Dive into Delcy Morelos Dreamy Earthy Art

Alright, so there’s this artist, Delcy Morelos, doing some cool stuff at the Dia Art Foundation in New York. Her exhibit, “Cielo terrenal” (Earthly Heaven), is not your usual art experience. It’s kind of dim, super quiet, and she wants you to use more than just your eyes to get it. – koin303

Lights Down, Senses Up

So, the place is intentionally low on light, giving it that dreamy vibe. You might walk in and think you’re staring into a black hole. But hold up – there’s more to it. The gallery smells like cinnamon and cloves, a shoutout to Colombian harvest offerings. Morelos, from that region, uses these scents as her way of saying thanks and giving a little something back to Mother Earth.

Changing Vibes with the Seasons

Cielo terrenal” isn’t a one-size-fits-all kind of deal. It changes with the time of day and seasons. Artificial lights kick in when it’s dark, revealing a mix of black soil, water, cinnamon, and cloves on the floors and walls. It’s not just that; there’s also stuff from previous Dia installations making a comeback. Trash turned into treasure – you get the drift. – koin303

Dia’s Past Meets Morelos’s Vibe

Now, Dia Art Foundation has this history with fancy art movements, mainly Minimalism and Land art, dominated by white dudes. But Morelos flips the script. Her installations bring in a feminine touch, a quiet vibe, and room for your own interpretation. “Cielo terrenal” is like saying, “Hey, we can do art differently.”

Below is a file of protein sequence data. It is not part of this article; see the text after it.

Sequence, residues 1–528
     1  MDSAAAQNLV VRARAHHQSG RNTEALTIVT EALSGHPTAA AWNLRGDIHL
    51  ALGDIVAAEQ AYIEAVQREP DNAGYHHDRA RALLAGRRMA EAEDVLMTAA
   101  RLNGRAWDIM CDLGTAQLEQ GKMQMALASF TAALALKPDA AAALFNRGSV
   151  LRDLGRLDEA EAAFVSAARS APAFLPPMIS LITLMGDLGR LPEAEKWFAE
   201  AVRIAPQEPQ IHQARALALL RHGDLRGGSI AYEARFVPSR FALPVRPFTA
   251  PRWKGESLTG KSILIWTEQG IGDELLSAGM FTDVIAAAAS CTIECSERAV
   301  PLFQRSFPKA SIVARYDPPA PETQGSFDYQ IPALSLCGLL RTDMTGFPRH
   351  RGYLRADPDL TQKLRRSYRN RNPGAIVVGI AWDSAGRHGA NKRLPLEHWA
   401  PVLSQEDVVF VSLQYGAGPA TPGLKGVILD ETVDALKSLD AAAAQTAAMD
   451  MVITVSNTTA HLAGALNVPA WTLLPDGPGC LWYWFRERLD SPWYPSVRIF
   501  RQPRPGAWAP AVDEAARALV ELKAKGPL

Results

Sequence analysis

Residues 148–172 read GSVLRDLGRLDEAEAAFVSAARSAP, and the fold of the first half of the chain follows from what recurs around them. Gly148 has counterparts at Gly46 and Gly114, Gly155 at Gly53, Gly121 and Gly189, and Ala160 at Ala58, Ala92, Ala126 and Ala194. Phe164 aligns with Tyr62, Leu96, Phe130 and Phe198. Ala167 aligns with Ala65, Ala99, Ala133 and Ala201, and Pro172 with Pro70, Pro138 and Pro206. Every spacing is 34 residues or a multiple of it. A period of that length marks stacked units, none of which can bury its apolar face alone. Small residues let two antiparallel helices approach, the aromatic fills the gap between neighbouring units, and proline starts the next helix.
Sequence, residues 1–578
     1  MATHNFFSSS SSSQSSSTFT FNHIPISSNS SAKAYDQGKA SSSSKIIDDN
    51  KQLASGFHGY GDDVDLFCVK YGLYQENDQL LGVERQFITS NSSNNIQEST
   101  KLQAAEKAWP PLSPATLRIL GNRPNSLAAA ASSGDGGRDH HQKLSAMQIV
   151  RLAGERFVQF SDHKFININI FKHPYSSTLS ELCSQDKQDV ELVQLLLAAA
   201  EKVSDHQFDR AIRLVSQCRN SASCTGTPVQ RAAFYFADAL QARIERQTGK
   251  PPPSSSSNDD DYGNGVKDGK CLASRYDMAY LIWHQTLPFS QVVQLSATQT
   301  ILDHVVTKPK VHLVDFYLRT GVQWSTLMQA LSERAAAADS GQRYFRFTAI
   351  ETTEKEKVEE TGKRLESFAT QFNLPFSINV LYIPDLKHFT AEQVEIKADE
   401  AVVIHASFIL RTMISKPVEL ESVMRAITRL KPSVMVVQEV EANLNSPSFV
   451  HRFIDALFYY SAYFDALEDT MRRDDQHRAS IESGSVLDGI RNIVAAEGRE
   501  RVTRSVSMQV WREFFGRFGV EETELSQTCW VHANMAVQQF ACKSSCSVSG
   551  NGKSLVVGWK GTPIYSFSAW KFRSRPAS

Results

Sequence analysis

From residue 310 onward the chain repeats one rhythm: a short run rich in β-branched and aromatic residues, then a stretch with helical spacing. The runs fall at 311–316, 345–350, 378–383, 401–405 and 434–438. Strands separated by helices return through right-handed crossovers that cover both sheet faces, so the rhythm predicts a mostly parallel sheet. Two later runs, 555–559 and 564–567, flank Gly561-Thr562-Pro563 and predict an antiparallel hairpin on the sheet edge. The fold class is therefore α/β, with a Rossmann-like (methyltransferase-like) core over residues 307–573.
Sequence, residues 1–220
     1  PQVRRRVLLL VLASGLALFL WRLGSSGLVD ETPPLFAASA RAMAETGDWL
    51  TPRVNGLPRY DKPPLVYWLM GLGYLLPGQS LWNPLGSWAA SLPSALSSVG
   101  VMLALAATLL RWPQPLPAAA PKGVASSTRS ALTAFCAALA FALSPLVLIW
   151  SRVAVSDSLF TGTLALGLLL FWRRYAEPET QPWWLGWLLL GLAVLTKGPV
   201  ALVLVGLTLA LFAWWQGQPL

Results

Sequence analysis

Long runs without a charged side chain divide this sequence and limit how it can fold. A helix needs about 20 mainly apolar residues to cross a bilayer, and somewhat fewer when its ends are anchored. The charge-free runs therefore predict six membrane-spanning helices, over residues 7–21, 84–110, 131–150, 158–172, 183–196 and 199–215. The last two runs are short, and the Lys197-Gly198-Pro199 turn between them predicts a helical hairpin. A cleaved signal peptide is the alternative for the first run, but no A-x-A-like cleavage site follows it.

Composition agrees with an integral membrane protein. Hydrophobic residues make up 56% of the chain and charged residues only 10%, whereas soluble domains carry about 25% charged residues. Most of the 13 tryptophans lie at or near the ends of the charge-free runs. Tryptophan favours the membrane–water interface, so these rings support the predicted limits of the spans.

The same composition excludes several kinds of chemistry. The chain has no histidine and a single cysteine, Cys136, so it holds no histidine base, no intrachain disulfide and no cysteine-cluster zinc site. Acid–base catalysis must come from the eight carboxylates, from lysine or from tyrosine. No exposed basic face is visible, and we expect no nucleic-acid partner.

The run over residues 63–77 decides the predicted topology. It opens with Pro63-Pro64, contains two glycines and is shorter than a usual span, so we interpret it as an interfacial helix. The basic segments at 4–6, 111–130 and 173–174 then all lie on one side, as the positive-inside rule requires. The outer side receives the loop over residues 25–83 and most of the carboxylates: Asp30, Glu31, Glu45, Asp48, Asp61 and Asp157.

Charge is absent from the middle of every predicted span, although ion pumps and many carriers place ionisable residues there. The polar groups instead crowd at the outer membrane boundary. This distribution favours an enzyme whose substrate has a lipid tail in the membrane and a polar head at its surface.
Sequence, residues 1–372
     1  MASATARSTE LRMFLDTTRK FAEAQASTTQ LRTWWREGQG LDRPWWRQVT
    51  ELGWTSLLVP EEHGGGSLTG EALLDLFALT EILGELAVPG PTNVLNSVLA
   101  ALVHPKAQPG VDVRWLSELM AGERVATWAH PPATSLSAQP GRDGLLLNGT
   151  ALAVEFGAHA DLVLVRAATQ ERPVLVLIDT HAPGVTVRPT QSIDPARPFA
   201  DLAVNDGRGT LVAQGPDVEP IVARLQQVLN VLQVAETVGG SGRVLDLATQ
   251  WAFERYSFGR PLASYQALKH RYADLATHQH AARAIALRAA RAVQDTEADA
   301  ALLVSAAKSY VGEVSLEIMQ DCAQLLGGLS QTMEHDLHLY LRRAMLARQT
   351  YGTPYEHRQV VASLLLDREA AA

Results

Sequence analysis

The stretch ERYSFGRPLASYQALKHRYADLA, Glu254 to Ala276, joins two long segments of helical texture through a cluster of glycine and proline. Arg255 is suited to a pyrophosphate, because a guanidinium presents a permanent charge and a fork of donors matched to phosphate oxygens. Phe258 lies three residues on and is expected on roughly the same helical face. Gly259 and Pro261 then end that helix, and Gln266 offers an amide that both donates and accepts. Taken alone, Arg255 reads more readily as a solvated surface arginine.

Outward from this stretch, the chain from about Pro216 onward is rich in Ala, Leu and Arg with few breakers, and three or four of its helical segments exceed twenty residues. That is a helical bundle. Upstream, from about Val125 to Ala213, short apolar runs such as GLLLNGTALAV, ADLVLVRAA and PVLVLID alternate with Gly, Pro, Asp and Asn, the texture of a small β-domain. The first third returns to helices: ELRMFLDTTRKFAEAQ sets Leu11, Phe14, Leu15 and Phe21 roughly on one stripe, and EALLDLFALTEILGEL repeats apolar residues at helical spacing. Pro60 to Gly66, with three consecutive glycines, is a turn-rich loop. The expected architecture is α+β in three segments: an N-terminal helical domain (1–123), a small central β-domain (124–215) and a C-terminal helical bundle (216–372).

Into the Black Earth and Beyond

Picture this: the whole exhibit is bathed in black soil, a nod to an old painting by Kazimir Malevich. Morelos calls it the “ruins of Minimalism” – a bit dramatic, but you’ll get it. The black soil, sourced from Goshen, forms mounds and sculptures, making the whole place feel like an archaeological site. Who knew dirt could be so artsy?

Life, Death, and Earthly Sky

Why black soil, you ask? Well, Morelos got into it after her dad passed away. The exhibit’s called “Cielo terrenal,” hinting that heaven isn’t up there; it’s right here where we transform into something new. The soil’s painted up to where Hurricane Sandy’s water hit in 2012, linking it to floods in the Colombian Amazon. Deep, right?

So, if you’re thinking of checking out “Cielo terrenal,” it’s not just a gallery visit. It’s like stepping into a whole vibe – connecting with the earth, thinking about life, and maybe getting a whiff of cinnamon and cloves.